Hard drive manufacturers back new disk encryption standard

Six hard drive manufacturers have joined forces behind a standard for firmware-level hard drive encryption, an important step for security interoperability.

The Trusted Computing Group (TCG) has released three final specifications for hardware-level data encryption, and virtually all the major storage manufacturers have declared that they intend to adopt the new standards in the near future. Self-encrypted disks are already available on the market— Seagate has been actively pushing its DriveTrust technology for several years—but there was no central standard for drive encryption developers to refer to. The two new encryption standards provide a blueprint for desktop, laptops, and enterprise-level protection, while the third (dubbed the Storage Interface Interactions Specification) details how self-encrypted drives should interact with various communication protocols.

These new encryption methods do not require the presence of a Trusted Platform Module (TPM), but it's hard to imagine why an OEM would bother to build a system using self-encrypting hard drives and not include one. The TCG expects self-encrypting drives (and presumably TPM modules) to become ubiquitous across the enterprise/business market over the next few years. "With 48 states and many countries enforcing data protection laws, it has become crucial for enterprises to protect all data to avoid fines, lawsuits or even being put out of business. Encryption with authentication directly in the drive or enterprise storage devices as outlined in the Trusted Computing Group specifications is one of the most effective ways to ensure data is secure against virtual and physical attacks,” noted Jon Oltsik, senior analyst, Enterprise Strategy Group.

Expect future versions of consumer hardware to eventually adopt Opal (TCG's moniker for the desktop/laptop version of the standard) as well. ""This represents interoperability commitments from every disk drive maker on the planet," Robert Thibadeau, chief technologist at Seagate Technology and chairman of the TCG, told Computer World. "We're protecting data at rest. When a USB drive is unplugged, or when a laptop is powered down, or when an administrator pulls a drive from a server, it can't be brought back up and read without first giving a cryptographically-strong password. If you don't have that, it's a brick. You can't even sell it on eBay."

Thibadeau's last comment would seem to imply that the drive can't even be formatted or otherwise wiped without the requisite password. If that's actually true, it substantially diminishes the value of a stolen laptop, provided said machine is stolen for personal use rather than data theft. Enterprise users and anyone with access to sensitive data obviously can't afford to ignore the possibility that someone might steal their system for the purposes of accessing the information it contains, but I rather think this is not the case. The TPC reports that some 12,000 notebooks are lost/stolen in US airports, and only one-third are ever recovered by the rightful owner. Unless you carry a laptop case with "BIG IMPORTANT SECRETS" embroidered on the side, the thefts are most likely aimed at the hardware, not the data on the hardware. If the would-be thief knows in advance that he won't be able to use the system, the value of the laptop drops.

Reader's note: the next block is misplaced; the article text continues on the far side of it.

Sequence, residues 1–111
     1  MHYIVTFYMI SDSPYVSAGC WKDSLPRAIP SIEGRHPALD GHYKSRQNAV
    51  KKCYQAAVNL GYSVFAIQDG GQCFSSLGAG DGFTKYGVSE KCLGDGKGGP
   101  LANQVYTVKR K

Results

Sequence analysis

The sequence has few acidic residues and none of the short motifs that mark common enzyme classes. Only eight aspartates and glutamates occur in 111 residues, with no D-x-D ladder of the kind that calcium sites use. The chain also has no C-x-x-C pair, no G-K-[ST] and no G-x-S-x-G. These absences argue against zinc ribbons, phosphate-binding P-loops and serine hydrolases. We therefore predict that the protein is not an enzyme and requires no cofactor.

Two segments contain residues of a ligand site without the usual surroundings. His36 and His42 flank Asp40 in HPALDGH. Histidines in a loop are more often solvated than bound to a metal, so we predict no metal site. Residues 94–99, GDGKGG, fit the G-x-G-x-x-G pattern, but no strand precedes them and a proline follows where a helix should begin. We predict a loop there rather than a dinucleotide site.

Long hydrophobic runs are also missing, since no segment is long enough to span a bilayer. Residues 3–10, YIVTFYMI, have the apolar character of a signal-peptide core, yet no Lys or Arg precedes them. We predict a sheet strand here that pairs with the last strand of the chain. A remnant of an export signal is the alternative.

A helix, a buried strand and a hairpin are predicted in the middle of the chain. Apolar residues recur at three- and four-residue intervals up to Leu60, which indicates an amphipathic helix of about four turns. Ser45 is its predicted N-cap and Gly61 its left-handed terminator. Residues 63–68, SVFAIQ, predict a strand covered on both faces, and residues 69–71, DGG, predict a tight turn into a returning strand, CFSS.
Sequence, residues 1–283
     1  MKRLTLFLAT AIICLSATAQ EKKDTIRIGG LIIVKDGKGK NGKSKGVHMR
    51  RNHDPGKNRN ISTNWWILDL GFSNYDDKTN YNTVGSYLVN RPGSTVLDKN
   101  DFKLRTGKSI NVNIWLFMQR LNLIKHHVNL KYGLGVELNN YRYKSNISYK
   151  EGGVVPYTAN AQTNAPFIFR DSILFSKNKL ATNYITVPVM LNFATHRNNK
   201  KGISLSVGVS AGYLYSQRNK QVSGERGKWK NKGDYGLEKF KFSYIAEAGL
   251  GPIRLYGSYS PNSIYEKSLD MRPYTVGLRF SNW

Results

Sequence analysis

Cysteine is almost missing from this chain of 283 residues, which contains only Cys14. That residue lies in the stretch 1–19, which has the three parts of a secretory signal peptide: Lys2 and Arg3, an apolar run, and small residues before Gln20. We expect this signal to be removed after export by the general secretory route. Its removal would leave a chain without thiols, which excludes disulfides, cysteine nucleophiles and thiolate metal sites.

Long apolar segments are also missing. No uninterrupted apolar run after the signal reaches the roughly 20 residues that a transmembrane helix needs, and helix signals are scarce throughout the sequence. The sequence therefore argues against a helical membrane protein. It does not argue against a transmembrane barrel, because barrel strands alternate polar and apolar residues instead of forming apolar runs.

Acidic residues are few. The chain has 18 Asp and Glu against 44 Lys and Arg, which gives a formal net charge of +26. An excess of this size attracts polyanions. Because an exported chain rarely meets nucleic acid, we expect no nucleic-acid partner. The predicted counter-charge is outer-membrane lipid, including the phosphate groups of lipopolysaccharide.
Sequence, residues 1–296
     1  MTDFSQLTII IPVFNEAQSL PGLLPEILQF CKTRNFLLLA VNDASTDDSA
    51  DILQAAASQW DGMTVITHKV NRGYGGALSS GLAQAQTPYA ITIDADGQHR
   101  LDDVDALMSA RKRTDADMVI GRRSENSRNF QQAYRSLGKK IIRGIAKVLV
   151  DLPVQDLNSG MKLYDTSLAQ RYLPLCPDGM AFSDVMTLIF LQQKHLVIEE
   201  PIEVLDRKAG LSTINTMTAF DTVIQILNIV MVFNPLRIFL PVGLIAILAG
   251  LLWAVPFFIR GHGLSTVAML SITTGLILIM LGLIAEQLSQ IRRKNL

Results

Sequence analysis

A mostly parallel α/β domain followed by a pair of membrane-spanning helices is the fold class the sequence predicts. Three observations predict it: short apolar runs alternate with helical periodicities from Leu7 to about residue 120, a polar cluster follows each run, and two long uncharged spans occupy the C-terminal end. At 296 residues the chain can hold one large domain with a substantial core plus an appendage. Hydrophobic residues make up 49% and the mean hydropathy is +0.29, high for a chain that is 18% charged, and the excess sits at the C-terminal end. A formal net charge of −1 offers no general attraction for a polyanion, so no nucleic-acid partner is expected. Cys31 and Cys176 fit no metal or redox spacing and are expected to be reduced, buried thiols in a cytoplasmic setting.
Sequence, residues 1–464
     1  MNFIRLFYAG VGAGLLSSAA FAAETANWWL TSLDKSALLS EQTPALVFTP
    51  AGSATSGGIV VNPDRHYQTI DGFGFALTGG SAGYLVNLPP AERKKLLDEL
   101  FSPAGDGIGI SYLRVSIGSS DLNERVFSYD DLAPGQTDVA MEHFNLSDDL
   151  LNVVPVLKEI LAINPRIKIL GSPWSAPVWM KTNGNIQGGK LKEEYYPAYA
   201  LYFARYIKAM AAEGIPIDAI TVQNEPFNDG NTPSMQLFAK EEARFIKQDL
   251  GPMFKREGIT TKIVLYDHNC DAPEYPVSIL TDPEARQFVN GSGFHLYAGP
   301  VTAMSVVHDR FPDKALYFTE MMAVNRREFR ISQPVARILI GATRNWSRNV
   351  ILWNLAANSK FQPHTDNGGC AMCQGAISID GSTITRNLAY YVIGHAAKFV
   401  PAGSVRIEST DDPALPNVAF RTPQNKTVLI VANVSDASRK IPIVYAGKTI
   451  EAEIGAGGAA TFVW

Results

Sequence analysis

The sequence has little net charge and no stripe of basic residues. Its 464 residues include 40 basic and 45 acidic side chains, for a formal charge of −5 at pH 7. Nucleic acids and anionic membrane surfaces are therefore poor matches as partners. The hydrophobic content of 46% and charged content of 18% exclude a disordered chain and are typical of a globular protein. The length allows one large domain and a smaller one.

Manufacturers that have announced support for the new encryption standard include Fujitsu, Hitachi, Toshiba, Samsung, Seagate, and Western Digital. Drive manufacturers will be able to choose between 128-bit and 256-bit AES encryption, which should prove adequate to protect the drive's data even in situations where a TPM module is unavailable. Combined with TPM, any data stored on the encrypted drive would be as secure as modern technology can make it.

Source: ars technica

Tags: HDDs

Add comment

Your name:
Sign in with:
Your comment:

Enter code:

E-mail (not required)
E-mail will not be disclosed to the third party

Last news

You can use a security key instead of having a code sent to your phone
Adobe says that the AI can now achieve the intended result in seconds
A new security protocol replacing the aging WPA2
Download and install at your own risk, of course
More iPhone parts likely to be produced by Samsung
Starting on Friday, video views on YouTube will start to be counted by the Official Charts Company
LG has already announced two new V-series members in 2018
The method is blocked and the hack doesn’t work, it adds
The Samsung Galaxy A5 (2017) Review
The evolution of the successful smartphone, now with a waterproof body and USB Type-C
February 7, 2017 /
Samsung Galaxy TabPro S - a tablet with the Windows-keyboard
The first Windows-tablet with the 12-inch display Super AMOLED
June 7, 2016 /
Keyboards for iOS
Ten iOS keyboards review
July 18, 2015 /
Samsung E1200 Mobile Phone Review
A cheap phone with a good screen
March 8, 2015 / 4
Creative Sound Blaster Z sound card review
Good sound for those who are not satisfied with the onboard solution
September 25, 2014 / 2
Samsung Galaxy Gear: Smartwatch at High Price
The first smartwatch from Samsung - almost a smartphone with a small body
December 19, 2013 /

News Archive



Do you use microSD card with your phone?
or leave your own version in comments (11)